To venable (verb): To randomly muse upon this and that.

Humour and the Christian

Humour can be used both for good and for ill. It can bring delight and yet it can cause damage. So we ask the question: Is it appropriate for us as Christians to use humour? Let us focus initially upon humour in the light of the character and workings of our God.

God was manifest in the flesh in our Saviour Jesus. Our Saviour lived for some thirty three years on earth and is never recorded as laughing. We do read of him weeping (see John 11:35) when he was by the grave of Lazarus. Moreover, the prophetic word concerning Him was that He was to be a man of suffering, and familiar with pain (Is. 53:3b). Having recorded these facts, what significance does it have for the manner in which we conduct our lives?

Peter writing to Christians going through suffering exhorts them by saying Christ suffered for you, leaving you an example, that you should follow in his steps 1 Peter 2:21. And we must not forget our fundamental calling to be disciples. This means that we are duty-bound to be learning from our Master. Jesus Christ is to be the model for our living. So when we start to ponder upon how we should conduct ourselves we should be thinking how would Christ our Lord have conducted himself in the various situations of life. Our LORD was not a joker. He was rather a man of reverent sensitivity to all people in all situations. This resulted from His awareness of the consequences of the curse which were all around Him. Lives were “messed up” by sin all around him and he could not be laughing and joking amidst such devastation. Similarly, we should be careful how we conduct ourselves amidst the desperate circumstances of many lives around us.

However, we must emphasise that our Saviour was no killjoy. He attended the wedding in Cana of Galilee and provided the best wine so as to enhance everybody’s enjoyment (see John 2:1-12). As someone has said “Do we suppose Jesus and his fellows were invited because they were wet blankets sure to dampen or sour the festivities?” We cannot think of him being a big sour-puss who delighted in being miserable. Rather, there must have been something very attractive about him, so that the little children were happy be taken up in his arms (see Mark 10:13-16). There was an attractiveness to Jesus. Without wanting to speculate too much, we can surely be led to think that Jesus had an endearing smile.

We also want to note that Jesus was the most joyful man who ever walked this planet. After all he was full of the Spirit (see John 3:34) and an aspect of the fruit of the Spirit is joy (Gal. 5:22). At one point we read: At that time Jesus, full of joy through the Holy Spirit (Luke 10:21). So we do not need to be laughing and joking all the time to be full of joy. Rather joy is a far deeper experience of contentment which flows out of us having peace with our God.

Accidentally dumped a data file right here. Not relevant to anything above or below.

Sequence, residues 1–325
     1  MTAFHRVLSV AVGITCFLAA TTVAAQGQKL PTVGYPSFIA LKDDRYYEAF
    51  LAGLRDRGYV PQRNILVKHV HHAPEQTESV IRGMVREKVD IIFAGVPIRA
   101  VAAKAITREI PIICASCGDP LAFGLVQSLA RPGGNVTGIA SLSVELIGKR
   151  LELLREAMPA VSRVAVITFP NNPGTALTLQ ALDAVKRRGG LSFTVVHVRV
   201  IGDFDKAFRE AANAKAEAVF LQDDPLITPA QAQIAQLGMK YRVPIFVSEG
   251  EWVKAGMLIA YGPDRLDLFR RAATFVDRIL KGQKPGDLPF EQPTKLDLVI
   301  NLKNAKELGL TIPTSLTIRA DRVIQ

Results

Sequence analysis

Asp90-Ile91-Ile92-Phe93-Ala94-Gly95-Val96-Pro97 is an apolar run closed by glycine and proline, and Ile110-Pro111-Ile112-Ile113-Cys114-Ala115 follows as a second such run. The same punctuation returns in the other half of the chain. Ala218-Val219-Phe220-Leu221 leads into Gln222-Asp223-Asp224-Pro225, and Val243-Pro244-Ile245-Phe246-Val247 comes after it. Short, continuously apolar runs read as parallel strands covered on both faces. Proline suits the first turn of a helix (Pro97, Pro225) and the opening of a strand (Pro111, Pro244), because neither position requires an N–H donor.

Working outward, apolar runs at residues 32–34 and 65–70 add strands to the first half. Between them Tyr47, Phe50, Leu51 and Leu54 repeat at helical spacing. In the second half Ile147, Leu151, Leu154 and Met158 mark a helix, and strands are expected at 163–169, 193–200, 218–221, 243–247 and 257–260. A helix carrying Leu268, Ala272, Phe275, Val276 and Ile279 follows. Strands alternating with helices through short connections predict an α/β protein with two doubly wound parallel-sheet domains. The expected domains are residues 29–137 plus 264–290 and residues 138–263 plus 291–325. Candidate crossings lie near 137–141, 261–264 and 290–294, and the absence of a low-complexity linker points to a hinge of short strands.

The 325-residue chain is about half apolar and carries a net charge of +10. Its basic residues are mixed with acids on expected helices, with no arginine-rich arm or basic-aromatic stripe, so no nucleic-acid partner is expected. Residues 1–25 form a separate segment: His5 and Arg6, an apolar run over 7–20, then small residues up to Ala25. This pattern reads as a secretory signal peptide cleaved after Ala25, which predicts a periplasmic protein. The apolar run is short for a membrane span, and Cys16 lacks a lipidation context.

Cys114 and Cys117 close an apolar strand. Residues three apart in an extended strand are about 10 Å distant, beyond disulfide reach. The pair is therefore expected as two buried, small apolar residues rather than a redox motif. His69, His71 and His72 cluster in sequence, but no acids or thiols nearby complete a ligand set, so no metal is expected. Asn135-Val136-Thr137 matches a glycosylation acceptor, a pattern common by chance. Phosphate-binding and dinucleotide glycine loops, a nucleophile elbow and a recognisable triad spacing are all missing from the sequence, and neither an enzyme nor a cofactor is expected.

So where does all this leave us as regards to this issue of humour? Should we do those things which provoke others to laugh? We need to be aware straight away that there is nothing wrong with the use of humour. Surely, when we start to ponder upon the scriptural record we start to see that the LORD working in humorous ways. Think of the donkey who spoke to Balaam (see Num. 22:21-41). And note how the ostrich is described God did not endow her with wisdom or give her a share of good sense (Job 39:17). Surely when we read and ponder on these things we are caused to raise a smile and even a chuckle. The pithy statements in Proverbs also provide us with reasons to smile on occasion. Can we but smile when we read Like a gold ring in a pig’s snout is a beautiful woman who shows no discretion (Prov. 11:22)?

Our Lord also used humour Himself in His teaching. We so easily read over it, but the words in Matthew 7:3-5 about the beam and speck were surely humorous for those disciples who first heard them. The disciples would surely have chuckled as they thought of someone having a plank of wood in their eye. Similarly the thought of a camel going through the eye of a needle (see Matt. 19:24) would raise similarly amusing thoughts for the hearers.

We begin then to the get some sense of where humour fits in the orderings of our God. Our God is full of joy, but he is not a casual joker. When he acts and speaks humorously, it always has as its purpose to bless and to benefit. That purpose is to give potency to the message which the Lord wants to bring to people. As we chuckle the edge of the message digs into our minds and souls. Humour is never used carelessly though. Next month we plan to look at some of the details of how we should and should not use humour.

(Taken from the Feltham Evangelical Church newsletter of June 2013)

Comments on: "Humour and the Christian" (1)

  1. […] thought yesterday (see here) about the nature of humour in the context of who Our God is and what He does. We want now to give […]

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